On a good note, an ever increasing proportion of North Americans are breaking away from the fear and guilt and bondage of traditional western religion and coming out as "recovering Catholics", agnostics, atheists, and/or transitioning to the various "New Thought" movements which have many conservative Christians either shaking their heads in dismay or shaking in their boots!

      July 19, 2011 at 11:48 pm |
  18. The Grand Inquisitor

    Caption to photo:

    "You are so right. He did me too!"

    July 19, 2011 at 10:43 pm |
  19. Will S.

    Am I missing something? Was there a trial? No one is guilty of anything yet. All I see is accusations.

    July 19, 2011 at 10:42 pm |
    • Hoog

      Denial...denial..denial. They're all innocent. The poor church is just being prosecuted. Amazing how people all over the world are conspiring together to punish the church. As far as I see it, they should be executed, or left in a room with the families of those they abused. Nothing worse than child abuse from those they're supposed to trust.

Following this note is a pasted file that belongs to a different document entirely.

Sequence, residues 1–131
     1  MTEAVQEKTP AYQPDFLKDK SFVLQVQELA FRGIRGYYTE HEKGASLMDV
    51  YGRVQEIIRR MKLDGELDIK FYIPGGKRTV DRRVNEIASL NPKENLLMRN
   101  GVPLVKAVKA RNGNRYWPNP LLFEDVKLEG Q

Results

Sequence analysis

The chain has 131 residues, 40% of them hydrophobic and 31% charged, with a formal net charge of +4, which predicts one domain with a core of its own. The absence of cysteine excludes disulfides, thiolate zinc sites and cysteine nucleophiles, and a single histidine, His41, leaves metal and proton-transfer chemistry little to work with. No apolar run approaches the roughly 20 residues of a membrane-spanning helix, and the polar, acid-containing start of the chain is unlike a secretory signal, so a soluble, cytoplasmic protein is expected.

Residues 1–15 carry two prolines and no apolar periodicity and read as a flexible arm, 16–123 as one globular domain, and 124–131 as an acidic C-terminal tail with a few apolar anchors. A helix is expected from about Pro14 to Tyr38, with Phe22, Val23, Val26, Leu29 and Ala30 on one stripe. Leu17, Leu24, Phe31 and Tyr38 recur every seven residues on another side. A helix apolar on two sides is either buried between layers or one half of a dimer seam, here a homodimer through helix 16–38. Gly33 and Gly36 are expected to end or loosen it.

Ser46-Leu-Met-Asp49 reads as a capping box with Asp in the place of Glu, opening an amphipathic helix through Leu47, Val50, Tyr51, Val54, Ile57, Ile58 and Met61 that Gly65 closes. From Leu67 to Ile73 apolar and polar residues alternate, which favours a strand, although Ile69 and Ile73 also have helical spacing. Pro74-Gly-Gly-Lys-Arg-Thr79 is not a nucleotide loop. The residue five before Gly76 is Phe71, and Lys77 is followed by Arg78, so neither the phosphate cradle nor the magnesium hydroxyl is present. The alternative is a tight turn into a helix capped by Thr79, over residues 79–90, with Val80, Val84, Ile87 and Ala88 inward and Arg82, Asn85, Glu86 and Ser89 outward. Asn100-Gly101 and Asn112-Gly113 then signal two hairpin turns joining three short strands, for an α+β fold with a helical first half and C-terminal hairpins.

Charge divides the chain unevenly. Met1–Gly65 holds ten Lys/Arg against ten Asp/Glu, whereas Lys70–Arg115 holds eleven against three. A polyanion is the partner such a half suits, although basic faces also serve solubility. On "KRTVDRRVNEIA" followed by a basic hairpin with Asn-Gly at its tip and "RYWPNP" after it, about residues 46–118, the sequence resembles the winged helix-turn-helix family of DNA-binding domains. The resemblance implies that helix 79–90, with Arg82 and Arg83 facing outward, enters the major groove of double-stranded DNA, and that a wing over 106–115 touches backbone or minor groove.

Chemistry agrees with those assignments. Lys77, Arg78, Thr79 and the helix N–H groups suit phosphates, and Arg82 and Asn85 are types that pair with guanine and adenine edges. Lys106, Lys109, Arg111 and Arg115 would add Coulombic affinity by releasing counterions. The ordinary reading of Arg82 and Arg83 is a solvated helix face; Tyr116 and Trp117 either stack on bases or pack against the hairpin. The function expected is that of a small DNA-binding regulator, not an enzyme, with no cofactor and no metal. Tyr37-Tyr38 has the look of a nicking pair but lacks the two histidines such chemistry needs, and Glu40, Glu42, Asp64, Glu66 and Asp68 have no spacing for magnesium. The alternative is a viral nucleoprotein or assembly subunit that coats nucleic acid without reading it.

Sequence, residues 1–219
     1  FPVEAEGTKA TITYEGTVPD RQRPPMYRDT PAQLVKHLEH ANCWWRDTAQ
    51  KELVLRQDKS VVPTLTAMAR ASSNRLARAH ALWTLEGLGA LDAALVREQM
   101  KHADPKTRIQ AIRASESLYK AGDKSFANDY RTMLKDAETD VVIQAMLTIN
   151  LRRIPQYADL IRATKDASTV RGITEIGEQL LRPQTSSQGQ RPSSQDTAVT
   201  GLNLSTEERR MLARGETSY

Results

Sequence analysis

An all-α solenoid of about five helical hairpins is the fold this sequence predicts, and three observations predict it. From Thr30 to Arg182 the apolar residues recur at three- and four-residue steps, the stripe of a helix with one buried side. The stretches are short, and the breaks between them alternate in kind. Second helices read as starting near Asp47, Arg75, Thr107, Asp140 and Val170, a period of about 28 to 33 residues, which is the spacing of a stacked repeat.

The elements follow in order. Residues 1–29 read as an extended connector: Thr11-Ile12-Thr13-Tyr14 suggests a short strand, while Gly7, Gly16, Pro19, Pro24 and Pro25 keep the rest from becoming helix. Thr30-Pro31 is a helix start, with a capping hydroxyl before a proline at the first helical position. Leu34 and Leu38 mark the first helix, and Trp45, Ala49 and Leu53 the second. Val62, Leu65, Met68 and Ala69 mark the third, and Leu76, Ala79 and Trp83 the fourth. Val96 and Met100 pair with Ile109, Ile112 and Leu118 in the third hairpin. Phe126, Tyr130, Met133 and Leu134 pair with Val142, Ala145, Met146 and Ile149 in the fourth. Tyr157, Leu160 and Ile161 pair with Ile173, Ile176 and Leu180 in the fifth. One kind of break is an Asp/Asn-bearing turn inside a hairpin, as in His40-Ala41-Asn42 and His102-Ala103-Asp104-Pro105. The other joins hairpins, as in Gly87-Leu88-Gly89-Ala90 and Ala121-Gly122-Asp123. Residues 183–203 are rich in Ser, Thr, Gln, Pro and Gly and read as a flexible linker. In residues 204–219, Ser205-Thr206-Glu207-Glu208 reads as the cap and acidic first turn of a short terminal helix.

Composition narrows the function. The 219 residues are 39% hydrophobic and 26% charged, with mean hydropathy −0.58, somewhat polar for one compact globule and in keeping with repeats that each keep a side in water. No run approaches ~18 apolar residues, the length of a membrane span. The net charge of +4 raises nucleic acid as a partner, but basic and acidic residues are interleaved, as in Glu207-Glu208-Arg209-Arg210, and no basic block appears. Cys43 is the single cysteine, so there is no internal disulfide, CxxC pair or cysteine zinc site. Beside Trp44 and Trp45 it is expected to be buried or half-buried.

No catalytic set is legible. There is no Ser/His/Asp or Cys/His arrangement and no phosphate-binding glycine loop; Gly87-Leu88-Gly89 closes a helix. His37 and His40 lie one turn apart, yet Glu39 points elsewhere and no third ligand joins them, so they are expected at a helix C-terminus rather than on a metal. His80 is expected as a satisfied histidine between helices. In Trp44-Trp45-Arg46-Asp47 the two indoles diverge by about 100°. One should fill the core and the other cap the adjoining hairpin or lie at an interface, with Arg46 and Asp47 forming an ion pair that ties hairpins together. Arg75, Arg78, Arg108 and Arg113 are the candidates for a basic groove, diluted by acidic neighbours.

July 19, 2011 at 10:54 pm |
    • mervel

      There is nothing worse than child abuse I totally agree. But no one has been convicted of child abuse there is no proof of anything so far. Maybe some are guilty but what is due process for a random allegation of child abuse? Would not priests who are accused or have rumors about them be afforded the same due process as public school teachers?

      July 19, 2011 at 11:13 pm |
  20. SoundOfForest

    Catholics are targeted. Evil West.

    July 19, 2011 at 10:36 pm |
    • SoundOfForest

      Catholics are targetted by atheist anti-Christs for protecting and enabling child molestors. Evil atheists!

      July 19, 2011 at 11:44 pm |
    • News Flash

      Adelbrain, I almost didn't recognize you. But that keen intellect is unmistakable.

      July 20, 2011 at 12:00 am |
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The CNN Belief Blog covers the faith angles of the day's biggest stories, from breaking news to politics to entertainment, fostering a global conversation about the role of religion and belief in readers' lives. It's edited by CNN's Daniel Burke with contributions from Eric Marrapodi and CNN's worldwide news gathering team.